Yesterday (23rd January 2013) Lady Paton delivered the opinion of the court, which included Lord Mackay of Drumadoon and Lady Cosgrove, in an appeal against conviction by Mr Salvatore Sivero.
The case is a fine example of the importance of what, to the lawyer asking the question, might be an innocuous enquiry, but which can fundamentally change the outcome of a case.
The case concerns the long-standing rule that an accused person’s previous convictions should not be before the judge or jury deciding on the guilt or innocence of the accused. Despite frequent calls by newspapers for the law to be changed to allow previous convictions to be disclosed, and despite erosion of the safeguard over recent years the principle remains intact.
Why not disclose previous convictions? After all, if Joe Bloggs stands in the dock accused of stealing a car, and he already has 25 convictions for doing so, then surely a jury should know this, as he is more likely to have been guilty of a car theft than John Smith, who has no convictions for anything?
That, as far as it goes, is true. However, it does not amount to evidence that Mr Bloggs stole a car at 7.20 am on 24th January 2013 from a car park in Dingwall, for example. Indeed the knowledge that Mr Bloggs was a car thief would almost certainly lead the jury to convict him of the offence in Dingwall, even where the actual evidence might only be circumstantial or indeed worse.
That of course means that some guilty men (and it is usually men) are acquitted. I am firmly in the camp that it is better for a guilty person to be acquitted than for an innocent one to be convicted.
So we turn to the case of Mr Sivero.
He faced two charges of robbery committed on 19 July 2011. There were noticeable similarities between the two incidents. In particular both occurred in the Edinburgh area; both involved a robber with a knife; the complainer in each case was alone in charge of a shop, outwith normal working hours; in each case, money was taken and the knife was left at the premises; one robbery occurred within a few hours of the other.
Mr Sivero offered to plead guilty to charge 1 and not guilty to charge 2. This was not accepted by the prosecution, so the case went to trial on both charges. The defence did not ask for an acquittal on charge 1, and he was duly convicted. On charge 2 he was found guilty by a majority.
He appealed against the conviction on charge 2.
As Lady Paton narrated:-
As the trial judge sets out at pages 6 to 8 of his report, a police officer DC Peter Stark gave evidence about images from some CCTV footage from a Scotmid store which the appellant had visited prior to the robbery of the second shop. DC Stark told the jury that he knew the person shown in certain images. He was “Salvatore Sivero” (the appellant).
As the appellant’s counsel explained to this court, DC Stark gave his evidence in the following way. He said that the robberies had occurred on Tuesday 19 July 2011. On Wednesday, the day after the incidents, he had been looking at the police intranet briefing site. He had seen images of a person whom he recognised as the appellant. He was shown the images in court. He indicated to the jury that he recognised “a male known to him as Salvatore Sivero”. As the trial judge records in his report, the following exchange then took place:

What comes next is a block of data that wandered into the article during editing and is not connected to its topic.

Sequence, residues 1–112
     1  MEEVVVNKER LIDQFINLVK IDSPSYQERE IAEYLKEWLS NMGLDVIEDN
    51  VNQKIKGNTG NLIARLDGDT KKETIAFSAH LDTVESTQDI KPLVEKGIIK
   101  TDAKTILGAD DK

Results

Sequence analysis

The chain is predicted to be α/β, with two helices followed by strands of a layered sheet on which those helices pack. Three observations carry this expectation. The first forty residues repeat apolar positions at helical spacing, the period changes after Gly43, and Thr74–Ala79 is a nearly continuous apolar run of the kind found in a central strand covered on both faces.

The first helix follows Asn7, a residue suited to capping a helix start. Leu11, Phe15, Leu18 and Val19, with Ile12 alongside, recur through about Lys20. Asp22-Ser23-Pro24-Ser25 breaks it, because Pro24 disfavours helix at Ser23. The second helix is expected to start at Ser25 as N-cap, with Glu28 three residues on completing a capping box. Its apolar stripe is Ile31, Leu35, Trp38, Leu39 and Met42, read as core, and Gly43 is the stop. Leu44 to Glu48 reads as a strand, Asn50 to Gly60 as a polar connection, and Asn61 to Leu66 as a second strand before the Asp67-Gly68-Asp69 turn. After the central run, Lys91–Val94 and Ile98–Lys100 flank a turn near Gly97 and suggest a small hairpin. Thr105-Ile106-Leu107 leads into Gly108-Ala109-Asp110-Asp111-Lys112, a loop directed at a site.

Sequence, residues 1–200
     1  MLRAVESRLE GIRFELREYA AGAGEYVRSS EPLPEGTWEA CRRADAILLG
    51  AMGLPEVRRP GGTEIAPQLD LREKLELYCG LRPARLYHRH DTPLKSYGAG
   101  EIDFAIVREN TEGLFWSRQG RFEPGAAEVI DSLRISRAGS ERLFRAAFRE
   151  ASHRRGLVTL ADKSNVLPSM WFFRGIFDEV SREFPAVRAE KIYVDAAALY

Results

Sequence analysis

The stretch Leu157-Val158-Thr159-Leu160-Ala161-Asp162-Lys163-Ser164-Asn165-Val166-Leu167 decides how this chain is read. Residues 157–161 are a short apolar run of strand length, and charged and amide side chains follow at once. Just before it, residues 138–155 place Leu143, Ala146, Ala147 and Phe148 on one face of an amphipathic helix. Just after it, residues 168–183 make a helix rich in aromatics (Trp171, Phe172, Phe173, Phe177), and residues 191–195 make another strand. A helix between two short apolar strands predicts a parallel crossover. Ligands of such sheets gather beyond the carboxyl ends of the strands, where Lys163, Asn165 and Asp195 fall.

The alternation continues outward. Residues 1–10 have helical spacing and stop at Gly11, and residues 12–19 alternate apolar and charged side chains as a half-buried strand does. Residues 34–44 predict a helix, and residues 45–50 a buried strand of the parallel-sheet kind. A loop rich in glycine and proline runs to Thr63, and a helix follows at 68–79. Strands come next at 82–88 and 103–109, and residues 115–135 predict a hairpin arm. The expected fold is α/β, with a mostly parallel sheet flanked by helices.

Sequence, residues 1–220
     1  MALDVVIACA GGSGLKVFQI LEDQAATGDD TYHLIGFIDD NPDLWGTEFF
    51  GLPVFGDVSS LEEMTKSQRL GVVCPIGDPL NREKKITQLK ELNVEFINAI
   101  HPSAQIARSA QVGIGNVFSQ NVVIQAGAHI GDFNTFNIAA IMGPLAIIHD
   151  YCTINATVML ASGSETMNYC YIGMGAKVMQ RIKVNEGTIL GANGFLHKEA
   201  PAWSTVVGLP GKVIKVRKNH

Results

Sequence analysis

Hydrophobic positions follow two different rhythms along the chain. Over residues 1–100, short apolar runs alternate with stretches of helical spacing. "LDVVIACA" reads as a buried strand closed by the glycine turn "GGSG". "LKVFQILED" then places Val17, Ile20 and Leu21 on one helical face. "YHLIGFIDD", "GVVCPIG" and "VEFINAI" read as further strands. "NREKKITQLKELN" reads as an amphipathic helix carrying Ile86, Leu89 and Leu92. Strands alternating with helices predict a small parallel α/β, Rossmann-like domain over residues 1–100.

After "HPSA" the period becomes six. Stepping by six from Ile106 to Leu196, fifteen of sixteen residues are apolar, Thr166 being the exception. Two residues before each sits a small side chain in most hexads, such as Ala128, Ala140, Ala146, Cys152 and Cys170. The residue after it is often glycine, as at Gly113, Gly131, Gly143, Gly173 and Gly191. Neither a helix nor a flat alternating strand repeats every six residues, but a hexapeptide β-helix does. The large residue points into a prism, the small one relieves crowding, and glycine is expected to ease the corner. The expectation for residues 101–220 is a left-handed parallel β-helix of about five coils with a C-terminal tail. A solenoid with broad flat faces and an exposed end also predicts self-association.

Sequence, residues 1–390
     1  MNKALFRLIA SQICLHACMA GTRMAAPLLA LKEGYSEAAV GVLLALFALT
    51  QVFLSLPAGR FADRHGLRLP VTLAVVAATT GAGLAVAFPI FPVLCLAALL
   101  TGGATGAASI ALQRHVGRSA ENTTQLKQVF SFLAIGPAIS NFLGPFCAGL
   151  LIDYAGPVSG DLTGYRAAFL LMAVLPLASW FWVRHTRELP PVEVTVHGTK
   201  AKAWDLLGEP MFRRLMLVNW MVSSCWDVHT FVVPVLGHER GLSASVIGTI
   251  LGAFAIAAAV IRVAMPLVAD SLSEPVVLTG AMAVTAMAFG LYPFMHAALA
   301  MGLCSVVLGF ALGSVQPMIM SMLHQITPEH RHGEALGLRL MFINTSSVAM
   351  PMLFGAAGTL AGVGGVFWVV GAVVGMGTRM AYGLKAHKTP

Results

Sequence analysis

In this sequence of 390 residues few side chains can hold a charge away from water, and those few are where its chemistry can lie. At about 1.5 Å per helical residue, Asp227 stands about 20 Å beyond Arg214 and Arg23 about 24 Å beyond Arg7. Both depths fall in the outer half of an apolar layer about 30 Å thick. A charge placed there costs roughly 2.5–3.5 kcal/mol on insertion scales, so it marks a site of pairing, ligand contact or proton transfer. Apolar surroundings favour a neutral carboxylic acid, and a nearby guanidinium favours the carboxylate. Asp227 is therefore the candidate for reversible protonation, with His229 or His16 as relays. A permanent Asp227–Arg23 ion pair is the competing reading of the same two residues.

AD Did you play any other part in this enquiry?
DC Eh … I made some enquiry on the Wednesday with the Edinburgh Prison to find out if, eh, Mr Sivero was in or out of custody and was told that he had been released from custody in 2009.
The trial judge reports that there was a noticeable pause at the start of the answer, before DC Stark resumed speaking and gave his explanation about making the enquiry.
Clearly the disclosure that the accused had been released from custody in 2009 suggested most strongly that he had previous convictions! After all, he had not gone to Saughton for a holiday!
Lady Paton went on to say:-
Defence counsel waited for an appropriate break in the evidence, then moved the court to desert the trial pro loco et tempore. The defence position was that the police officer’s recognition of the appellant, taken with his evidence that he had, that day, checked with Edinburgh Prison, gave rise to a reasonable inference that the officer had had previous dealings with the appellant, knew that he had received a custodial sentence, and was checking to see whether or not he had been liberated. The fact that he had to phone the prison might also suggest a sentence of some length. The Advocate depute, when responding to the motion to desert, accepted that the police officer’s reference to custody implied a previous conviction and might be prejudicial, but contended that any prejudice could be cured by an appropriate direction.
The judge ruled that the trial should continue and that a direction to the jury would cure any prejudice there might have been. In the charge to the jury the judge said:-